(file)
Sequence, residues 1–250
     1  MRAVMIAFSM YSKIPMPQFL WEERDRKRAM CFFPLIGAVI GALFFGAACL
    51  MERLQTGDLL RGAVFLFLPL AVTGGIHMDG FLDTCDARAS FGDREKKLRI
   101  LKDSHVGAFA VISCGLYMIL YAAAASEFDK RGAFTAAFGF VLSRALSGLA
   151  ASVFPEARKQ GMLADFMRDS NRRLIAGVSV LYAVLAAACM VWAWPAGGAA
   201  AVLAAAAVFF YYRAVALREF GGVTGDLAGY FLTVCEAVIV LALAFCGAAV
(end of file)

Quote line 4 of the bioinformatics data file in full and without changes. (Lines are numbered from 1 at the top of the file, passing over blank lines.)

   101  LKDSHVGAFA VISCGLYMIL YAAAASEFDK RGAFTAAFGF VLSRALSGLA